8 Money Toilets

8 Money Toilets
Photo: Chung Sung-Jun, Getty Images

A ferocious bidding war over a misshapen chicken nugget concluded at $US99,997 ($128,256) in the wee hours of Friday morning. Doesn’t seem weird at all, in a world where people are spending millions of dollars for blockchain tokens backed only by words. But wait, is this a sign of a healthy economy, us walking around like the internet in new tuxedos like a bunch of bootleggers displaying our NFT collections when Robinhood always seems like an hour away from a bank run?

I’ll leave that for a professional to explain because this is a slideshow, and clicks pay the rent, and being a god damn downer does not, so check out the baffling garbage people are accumulating!!!

$128,256 chicken nugget

Illustration: Dan Kitwood/Gizmodo, Getty Images Illustration: Dan Kitwood/Gizmodo, Getty Images

The chicken nugget’s title suggests that it is valuable for two reasons: it is marketed as shaped like a character from the multiplayer online game “Among Us.” It is also from a limited-edition BTS McDonald’s meal, which is a secondary market of its own. In reality, it is a 44-cent chicken nugget with legs, or, when presented upside down, a chicken nugget shaped like a Peep.

According to The Verge, the seller had offered to ship “some” of the Szechuan sauce that came with the meal.

No one has authenticated the nugget’s source.

After sitting on eBay for a few days at the starting price of $US0.99 ($1), bidding took off on May 30th with an opening of $US14,969.69 ($19,200). The same bidder suspiciously upped the ante four more times to over $US18,000 ($23,087) until 44 bidders eventually joined. (The original bidder tapped out at $US99,696.96 ($127,871).)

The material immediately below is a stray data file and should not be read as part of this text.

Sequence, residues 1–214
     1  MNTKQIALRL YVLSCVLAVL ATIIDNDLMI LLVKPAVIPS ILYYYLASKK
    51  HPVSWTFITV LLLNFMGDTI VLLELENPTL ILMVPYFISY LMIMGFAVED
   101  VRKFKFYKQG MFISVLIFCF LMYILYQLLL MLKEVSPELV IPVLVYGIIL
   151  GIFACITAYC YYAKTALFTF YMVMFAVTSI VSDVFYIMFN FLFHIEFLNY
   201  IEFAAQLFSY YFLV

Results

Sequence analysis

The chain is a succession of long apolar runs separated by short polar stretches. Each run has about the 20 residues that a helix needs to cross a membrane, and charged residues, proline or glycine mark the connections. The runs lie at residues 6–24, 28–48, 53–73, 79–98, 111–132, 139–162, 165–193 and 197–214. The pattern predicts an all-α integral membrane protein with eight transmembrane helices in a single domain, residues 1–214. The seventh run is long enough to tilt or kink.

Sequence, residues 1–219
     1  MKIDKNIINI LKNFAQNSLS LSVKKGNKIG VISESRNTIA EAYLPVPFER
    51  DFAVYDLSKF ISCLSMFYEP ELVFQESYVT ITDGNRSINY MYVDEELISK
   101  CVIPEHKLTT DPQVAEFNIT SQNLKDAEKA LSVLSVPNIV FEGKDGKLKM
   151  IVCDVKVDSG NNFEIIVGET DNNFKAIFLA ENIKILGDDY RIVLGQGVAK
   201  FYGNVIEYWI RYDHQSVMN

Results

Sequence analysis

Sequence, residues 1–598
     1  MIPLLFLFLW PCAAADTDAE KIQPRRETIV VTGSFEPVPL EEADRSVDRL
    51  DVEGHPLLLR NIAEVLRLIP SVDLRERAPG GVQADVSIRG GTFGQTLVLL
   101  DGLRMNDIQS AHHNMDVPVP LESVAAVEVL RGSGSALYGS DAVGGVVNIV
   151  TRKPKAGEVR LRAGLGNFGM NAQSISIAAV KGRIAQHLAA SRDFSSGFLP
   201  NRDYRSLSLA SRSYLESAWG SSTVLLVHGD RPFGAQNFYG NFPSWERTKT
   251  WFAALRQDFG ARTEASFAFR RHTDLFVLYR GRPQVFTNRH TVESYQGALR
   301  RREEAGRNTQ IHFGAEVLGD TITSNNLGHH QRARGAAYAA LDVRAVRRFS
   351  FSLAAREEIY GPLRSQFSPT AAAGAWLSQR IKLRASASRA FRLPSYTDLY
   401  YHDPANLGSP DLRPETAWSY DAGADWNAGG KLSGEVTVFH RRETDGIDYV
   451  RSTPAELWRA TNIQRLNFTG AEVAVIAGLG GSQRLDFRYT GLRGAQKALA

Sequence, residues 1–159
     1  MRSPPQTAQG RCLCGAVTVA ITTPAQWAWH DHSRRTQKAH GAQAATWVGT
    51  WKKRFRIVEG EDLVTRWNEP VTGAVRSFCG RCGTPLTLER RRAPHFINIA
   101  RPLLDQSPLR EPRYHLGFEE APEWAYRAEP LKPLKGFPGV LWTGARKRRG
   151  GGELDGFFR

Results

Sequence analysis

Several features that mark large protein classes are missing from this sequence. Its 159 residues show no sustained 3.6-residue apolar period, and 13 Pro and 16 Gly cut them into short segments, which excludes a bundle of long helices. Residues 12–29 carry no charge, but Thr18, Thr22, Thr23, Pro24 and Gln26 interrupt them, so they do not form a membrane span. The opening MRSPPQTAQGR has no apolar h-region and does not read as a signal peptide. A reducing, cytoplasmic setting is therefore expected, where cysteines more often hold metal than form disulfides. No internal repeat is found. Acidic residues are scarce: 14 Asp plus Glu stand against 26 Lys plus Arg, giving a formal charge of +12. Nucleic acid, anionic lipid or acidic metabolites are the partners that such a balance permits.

$5-$12,826 ketchup packets

Screenshot: Facebook Marketplace, June 4th, 2021 Screenshot: Facebook Marketplace, June 4th, 2021

The shortage of single-packet ketchup brought the nation to its knees; the masses reckon with reality as cold as a delivered french fry. The reality is that a $US2.49 ($3) McDonald’s hamburger tastes like death without the savoury-sweet lubrication of exactly one packet of ketchup.

The people have paid handsomely (at least up to $US4 ($5) per packet) to ease the hardship. Others bogarting the ketchup are cruelly listing their coveted foodstuffs for thousands; this one on eBay can be paid off in manageable installments of $US481 ($617) for 24 months with PayPal Credit.

$4 million for Jack Dorsey’s first tweet

Photo: Joe Raedle/Gizmodo, Getty Images Photo: Joe Raedle/Gizmodo, Getty Images

On March 21st, 2006, Twitter co-founder Jack Dorsey set up his Twitter page, and LO:

“just setting up my twttr”

A lot of stuff happened; a tyrant nearly blew up America; Jack became a billionaire; Roseanne was cancelled; non sequitur humour had a good run; etc.

Blah blah blah on March 21st, 2021, Jack Dorsey sold the tweet for $US2.9 ($4) million.

Buyer Sina Estavi, CEO of a blockchain tech company Bridge Oracle, had tweeted that he would have gone as high as $US10 ($13) million but got a bargain. Dorsey saved this narrative from becoming another public display of wealth hoarding by donating the proceeds to Give Directly, a charity that sends funds directly to people living in poverty.

And that’s it. That’s the tweet. Or is it. I don’t know, it sounds like something someone on Twitter would say about this.

$26 bill with a banana sticker

Photo: Heritage Auctions Photo: Heritage Auctions

Let’s imagine a world before March 11th, 2021, before Beeple shook the earth and sold an NFT for $US69 ($88) million, summoning a monsoon of NFT press releases. What did we consider an unreasonable purchase? What did we talk about? If you are not a tech blogger, artist, art critic, gallerist, crypto trader, or CNBC consumer, please let me know. About anything.